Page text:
What to do with ‘stamps’ that might not be stamps: Stamp Collecting Basics
By Janet Klug
We are used to collecting stamps that, well, look like stamps. They have an identifiable image on the front, perforations or die cuts around the edges, gum or adhesive on the back, the name of the country on the front, and the indication that all or part of the postage is paid by using the stamp.
Perhaps you purchased some stamps for your collection, and on closer examination, you notice one with some resemblance to a stamp, but not quite “the right look” of a postage stamp. You wonder what it is and where it came from, and it is worth finding out about what you have, before just tossing it in the trash bin. It might end up there after all, but then again you might have an interesting and even scarce postage stamp. It is certainly worth the time and effort to check.
The first illustration shows a little square bit of paper with a design that looks a bit like a Christmas wreath. The first line of type is the Spanish word “correos” (mail), followed by “urbanos” (an adjective, in plural form, for city or town). There is no country name, but below “urbanos” is Manizales. A quick search on the Internet identifies Manizales as a city in Colombia.
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Next stop is looking up the stamps of Colombia in the Scott Standard Postage Stamp Catalogue, but this item is not listed. However, at the end of the listings for Antioquia (a former state of Colombia, listed in the Scott Standard catalog following all of the Colombia regular issues), three small images appear headed “Manizales Issue,” with the caption, “Stamps of these designs are local private post issues.”
So, this is indeed a postage stamp, but because it is a local post issue, it is not given a numbered listing in the Scott Standard catalog.
This little stamp was getting pretty interesting, but more information was needed. A thorough search on the Internet resulted in finding a two-page article about the Manizales Local Post, written by Alan Anyon and originally published in the Colombia-Panama Philatelic Study Group’s journal, Copacarta, August 1984, pages 12-13.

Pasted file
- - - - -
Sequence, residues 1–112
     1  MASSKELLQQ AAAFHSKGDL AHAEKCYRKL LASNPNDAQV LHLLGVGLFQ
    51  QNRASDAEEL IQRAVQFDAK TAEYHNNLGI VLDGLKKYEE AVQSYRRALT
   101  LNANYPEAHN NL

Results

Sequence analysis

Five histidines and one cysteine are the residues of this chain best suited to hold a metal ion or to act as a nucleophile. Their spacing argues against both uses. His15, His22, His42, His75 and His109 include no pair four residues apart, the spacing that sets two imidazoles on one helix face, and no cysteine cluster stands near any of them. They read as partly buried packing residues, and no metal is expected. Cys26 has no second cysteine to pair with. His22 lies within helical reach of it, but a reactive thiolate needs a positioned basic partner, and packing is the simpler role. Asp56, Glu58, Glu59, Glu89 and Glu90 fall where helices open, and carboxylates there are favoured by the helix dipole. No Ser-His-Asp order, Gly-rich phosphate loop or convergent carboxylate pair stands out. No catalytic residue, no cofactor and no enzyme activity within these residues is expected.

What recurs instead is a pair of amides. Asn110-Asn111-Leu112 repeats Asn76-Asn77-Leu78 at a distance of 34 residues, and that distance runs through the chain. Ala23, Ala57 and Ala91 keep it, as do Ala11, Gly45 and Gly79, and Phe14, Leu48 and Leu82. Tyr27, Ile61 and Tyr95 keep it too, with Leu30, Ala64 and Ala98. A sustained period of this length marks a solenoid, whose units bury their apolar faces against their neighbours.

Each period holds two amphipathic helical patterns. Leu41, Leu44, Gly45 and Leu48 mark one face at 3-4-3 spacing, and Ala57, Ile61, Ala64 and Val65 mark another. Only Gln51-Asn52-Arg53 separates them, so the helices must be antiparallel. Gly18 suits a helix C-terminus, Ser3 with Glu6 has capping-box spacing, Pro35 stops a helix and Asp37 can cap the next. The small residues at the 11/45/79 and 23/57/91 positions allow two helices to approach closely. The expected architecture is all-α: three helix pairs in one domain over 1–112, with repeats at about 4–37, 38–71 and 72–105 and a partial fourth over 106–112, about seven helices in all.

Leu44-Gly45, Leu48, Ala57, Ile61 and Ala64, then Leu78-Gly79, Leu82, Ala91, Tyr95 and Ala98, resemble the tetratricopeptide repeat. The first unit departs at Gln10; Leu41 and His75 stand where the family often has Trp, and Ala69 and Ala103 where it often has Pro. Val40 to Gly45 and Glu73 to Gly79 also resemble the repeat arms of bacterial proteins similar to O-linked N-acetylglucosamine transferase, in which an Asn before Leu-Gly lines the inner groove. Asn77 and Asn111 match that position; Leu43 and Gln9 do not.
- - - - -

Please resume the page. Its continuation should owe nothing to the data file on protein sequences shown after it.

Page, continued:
According to this article, the men who established the urban postal service in Manizales in 1909 were Jorge Posado Cano and Cesar Lopes. The service lasted only six months, and a total of 4,800 ½-centavo stamps were printed for it by the local newspaper El Renacimiento. The short time period and relatively low number printed indicates difficulty of acquisition; finding one of these on cover is likely to be pretty hard to do.
A 3¢ stamplike image in the second illustration depicts a rather rugged scene with a palm tree and a bird and possibly the sun rising or setting over the ocean. “Inland” is the only word on the stamp, in an arc across the top of the design. If it is indeed a postage stamp, where did it come from?
This is when a stamp-identifier source comes in handy. (The International Society of World Wide Stamp Collectors shares a good one on its website:“Inland 3-cents” turned up in my identifier book, among a long list of words that appear on stamps from around the world, and named Liberia as the issuing country. From there, it was easy to locate the stamp in the Scott Standard catalog as Scott 21, issued in 1881. The stamp design was based on Liberia’s coat of arms.